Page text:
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Old 6th September 2010, 23:57   #1  |  Link
Doom9
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The rules explained

Dear members

This document is meant to give you a bit of an insight into our rules and the way they are being enforced.

For starters - nobody loves rules and walking around with a bit stick striking people down. When this place started out, there were neither rules nor moderators. That just came out of necessity - not everybody will follow implicit convenants. Imagine our society without rules and laws. You might still get along nicely with your neighbor. But the crackhead two blocks down might be another story..

1) Imagine you're at work, and 10 times a day you get unsolicited calls by people who aren't even your company's customers that take you away from your actual job. You'd get annoyed pretty soon. Now imagine the same happening at some place you volunteer - it's even worse, right? Or imagine you work in customer support, and you get an email like 'your product doesn't work'.. what are you supposed to do with it? You don't even know which product they're refering to.

See where I'm going with this? If information is written down and properly indexed, that information should be consulted first. That's why most support departments these days have FAQs, forums, and ask you to check those prior to contacting a company. And yes I realize that this first line of defense can be really annoying if you are an experienced user who knows more about the issue than the first level supporter.

Bottom line - it's an established fact that you can catch a considerable number of issues by following certain routines. In order not to waste anybody's time, we ask that you follow those routines. Remember, people who reply to your issues do so on their own time - they don't owe you anything, so as a sign of respect towards potential volunteers, invest a certain amount of effort on your part first.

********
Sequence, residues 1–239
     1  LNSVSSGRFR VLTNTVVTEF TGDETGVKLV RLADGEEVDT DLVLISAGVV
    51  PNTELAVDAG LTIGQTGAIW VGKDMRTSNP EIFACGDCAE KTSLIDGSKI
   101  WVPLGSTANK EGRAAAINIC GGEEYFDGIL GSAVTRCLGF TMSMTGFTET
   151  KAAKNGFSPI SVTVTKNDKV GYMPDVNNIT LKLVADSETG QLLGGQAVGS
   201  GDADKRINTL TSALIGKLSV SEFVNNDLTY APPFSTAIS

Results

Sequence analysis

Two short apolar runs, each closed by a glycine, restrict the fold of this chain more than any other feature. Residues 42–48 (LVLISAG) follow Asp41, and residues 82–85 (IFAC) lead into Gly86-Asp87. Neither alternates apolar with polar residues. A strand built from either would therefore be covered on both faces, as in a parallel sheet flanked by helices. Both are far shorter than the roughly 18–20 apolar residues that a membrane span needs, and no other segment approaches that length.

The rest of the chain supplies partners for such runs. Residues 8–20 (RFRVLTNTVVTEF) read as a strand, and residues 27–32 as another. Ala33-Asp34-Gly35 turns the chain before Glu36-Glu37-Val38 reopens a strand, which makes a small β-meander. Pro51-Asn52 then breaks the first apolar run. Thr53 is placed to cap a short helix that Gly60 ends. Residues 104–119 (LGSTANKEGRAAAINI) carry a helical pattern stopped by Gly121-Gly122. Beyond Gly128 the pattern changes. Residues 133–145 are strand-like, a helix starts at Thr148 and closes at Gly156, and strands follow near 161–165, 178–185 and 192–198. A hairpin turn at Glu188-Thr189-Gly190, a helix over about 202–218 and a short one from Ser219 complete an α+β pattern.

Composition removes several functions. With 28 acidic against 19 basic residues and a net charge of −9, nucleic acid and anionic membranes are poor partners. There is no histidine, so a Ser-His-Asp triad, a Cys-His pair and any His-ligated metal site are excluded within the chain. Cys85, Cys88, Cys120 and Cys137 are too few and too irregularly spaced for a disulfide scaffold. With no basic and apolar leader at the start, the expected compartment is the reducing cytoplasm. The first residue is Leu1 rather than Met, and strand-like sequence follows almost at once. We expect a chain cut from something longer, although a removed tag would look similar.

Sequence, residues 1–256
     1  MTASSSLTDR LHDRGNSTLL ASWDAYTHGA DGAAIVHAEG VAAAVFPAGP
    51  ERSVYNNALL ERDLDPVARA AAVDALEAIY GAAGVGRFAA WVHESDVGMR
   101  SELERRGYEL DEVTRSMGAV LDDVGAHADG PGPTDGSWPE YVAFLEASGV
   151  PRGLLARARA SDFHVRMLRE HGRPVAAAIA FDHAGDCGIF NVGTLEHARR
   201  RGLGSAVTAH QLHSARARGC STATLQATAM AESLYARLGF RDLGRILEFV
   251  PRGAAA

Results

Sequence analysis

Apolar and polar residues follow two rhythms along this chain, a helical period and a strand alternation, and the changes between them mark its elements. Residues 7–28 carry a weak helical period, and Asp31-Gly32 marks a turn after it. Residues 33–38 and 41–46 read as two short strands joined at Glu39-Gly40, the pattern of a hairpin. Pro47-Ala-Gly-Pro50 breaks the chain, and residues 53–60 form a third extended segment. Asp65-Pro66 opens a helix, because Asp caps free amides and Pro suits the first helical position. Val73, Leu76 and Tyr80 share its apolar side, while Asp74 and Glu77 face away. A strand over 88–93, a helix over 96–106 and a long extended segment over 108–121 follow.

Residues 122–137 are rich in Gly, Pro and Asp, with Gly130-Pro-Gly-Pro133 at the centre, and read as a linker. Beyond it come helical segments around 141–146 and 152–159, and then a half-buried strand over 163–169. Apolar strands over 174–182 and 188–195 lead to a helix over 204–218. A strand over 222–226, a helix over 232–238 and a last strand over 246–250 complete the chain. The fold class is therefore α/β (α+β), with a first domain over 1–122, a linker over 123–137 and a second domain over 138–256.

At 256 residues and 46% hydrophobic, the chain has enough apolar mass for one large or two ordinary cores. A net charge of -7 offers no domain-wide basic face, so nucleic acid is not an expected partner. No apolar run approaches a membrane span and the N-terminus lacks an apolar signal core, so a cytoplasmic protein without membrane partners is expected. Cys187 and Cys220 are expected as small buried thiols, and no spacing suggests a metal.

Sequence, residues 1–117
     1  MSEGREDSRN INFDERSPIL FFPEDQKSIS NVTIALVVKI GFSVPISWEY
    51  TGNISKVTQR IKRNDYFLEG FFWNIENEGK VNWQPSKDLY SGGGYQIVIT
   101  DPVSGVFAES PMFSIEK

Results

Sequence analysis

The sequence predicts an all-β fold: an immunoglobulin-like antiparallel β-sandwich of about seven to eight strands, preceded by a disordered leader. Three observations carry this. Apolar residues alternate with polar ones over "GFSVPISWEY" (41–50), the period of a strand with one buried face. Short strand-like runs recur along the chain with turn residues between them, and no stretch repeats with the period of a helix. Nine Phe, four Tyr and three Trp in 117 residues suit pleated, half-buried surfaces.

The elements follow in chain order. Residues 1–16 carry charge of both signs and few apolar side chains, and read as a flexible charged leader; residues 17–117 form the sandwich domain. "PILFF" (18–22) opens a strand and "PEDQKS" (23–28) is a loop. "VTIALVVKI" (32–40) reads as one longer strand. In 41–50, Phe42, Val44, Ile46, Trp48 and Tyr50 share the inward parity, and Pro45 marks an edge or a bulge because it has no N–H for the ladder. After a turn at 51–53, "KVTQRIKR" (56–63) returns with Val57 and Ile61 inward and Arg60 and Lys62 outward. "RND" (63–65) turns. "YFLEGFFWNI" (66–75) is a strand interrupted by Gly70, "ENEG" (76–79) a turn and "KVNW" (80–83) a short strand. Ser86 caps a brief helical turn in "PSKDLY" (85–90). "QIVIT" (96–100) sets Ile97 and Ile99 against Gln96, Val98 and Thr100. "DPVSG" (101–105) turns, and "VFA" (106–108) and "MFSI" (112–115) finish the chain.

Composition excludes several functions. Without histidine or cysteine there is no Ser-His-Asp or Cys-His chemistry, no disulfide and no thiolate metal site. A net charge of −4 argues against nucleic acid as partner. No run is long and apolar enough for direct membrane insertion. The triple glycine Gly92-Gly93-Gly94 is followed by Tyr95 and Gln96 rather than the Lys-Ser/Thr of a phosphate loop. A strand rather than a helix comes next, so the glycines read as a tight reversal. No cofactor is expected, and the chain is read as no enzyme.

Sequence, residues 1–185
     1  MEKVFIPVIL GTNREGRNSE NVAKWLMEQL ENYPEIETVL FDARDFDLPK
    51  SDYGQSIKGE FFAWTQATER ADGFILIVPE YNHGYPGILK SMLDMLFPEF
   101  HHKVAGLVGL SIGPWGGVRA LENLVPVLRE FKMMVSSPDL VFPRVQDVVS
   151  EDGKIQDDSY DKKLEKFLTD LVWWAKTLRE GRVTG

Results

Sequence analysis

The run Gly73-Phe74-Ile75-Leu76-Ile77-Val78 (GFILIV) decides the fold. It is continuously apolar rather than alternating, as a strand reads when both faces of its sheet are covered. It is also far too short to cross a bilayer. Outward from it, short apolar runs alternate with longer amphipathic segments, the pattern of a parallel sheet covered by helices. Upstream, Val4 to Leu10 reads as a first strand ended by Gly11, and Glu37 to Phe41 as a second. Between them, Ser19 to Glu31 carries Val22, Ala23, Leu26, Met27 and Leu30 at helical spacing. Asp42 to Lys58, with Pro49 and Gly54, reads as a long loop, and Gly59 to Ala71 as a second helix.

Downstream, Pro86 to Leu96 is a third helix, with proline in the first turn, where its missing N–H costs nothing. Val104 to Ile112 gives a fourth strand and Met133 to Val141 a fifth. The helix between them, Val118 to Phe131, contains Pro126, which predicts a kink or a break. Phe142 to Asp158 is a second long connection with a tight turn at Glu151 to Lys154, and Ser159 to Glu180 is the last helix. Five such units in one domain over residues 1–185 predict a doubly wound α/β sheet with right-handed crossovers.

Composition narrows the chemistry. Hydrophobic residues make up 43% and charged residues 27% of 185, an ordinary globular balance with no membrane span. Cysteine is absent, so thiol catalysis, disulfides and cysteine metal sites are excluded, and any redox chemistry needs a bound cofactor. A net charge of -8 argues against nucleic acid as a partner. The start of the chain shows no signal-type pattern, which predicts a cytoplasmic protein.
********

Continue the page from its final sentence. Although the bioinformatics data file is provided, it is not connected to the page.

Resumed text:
2) Remember that time you moved to a new place, got invited to the first block party, started with a joke you thought was pretty funny and everybody just stared at you funny? Same story here... communities have unwritten rules, so get to know them before you rub people the wrong way.

5) That's an interesting one that is often misunderstood.

First off, this forum is about digital video. so what we discuss should touch upon that (also see forum rule 3). So no running shoes, no bags, no cars, etc.

When it comes to software, notice that Doom9 is and has always been about freeware (including but not exclusive to open source) products. However, we realize that this may not always be good enough, so discussion of certain commercial software is certainly also welcome. However, it's always a matter of how useful that commercial alternative really is - if it brings nothing to the table over established free solutions, we're probably not interested.

Now, have you seen the latest XYZ product which costs 50 bucks but you think is well worth its money. Or your company has just developed the latest and greatest video converter for the iPhone and you'd like to share?

There's a way to do that without running afoul of rule 5: You can use our news forum to post information about that product. We do however request that you clearly identify your affiliation with the software (e.g. "I'm an employee of the company that makes this product", or "I wrote this software"). Non disclosed affiliations are also considered a violation of rule 5.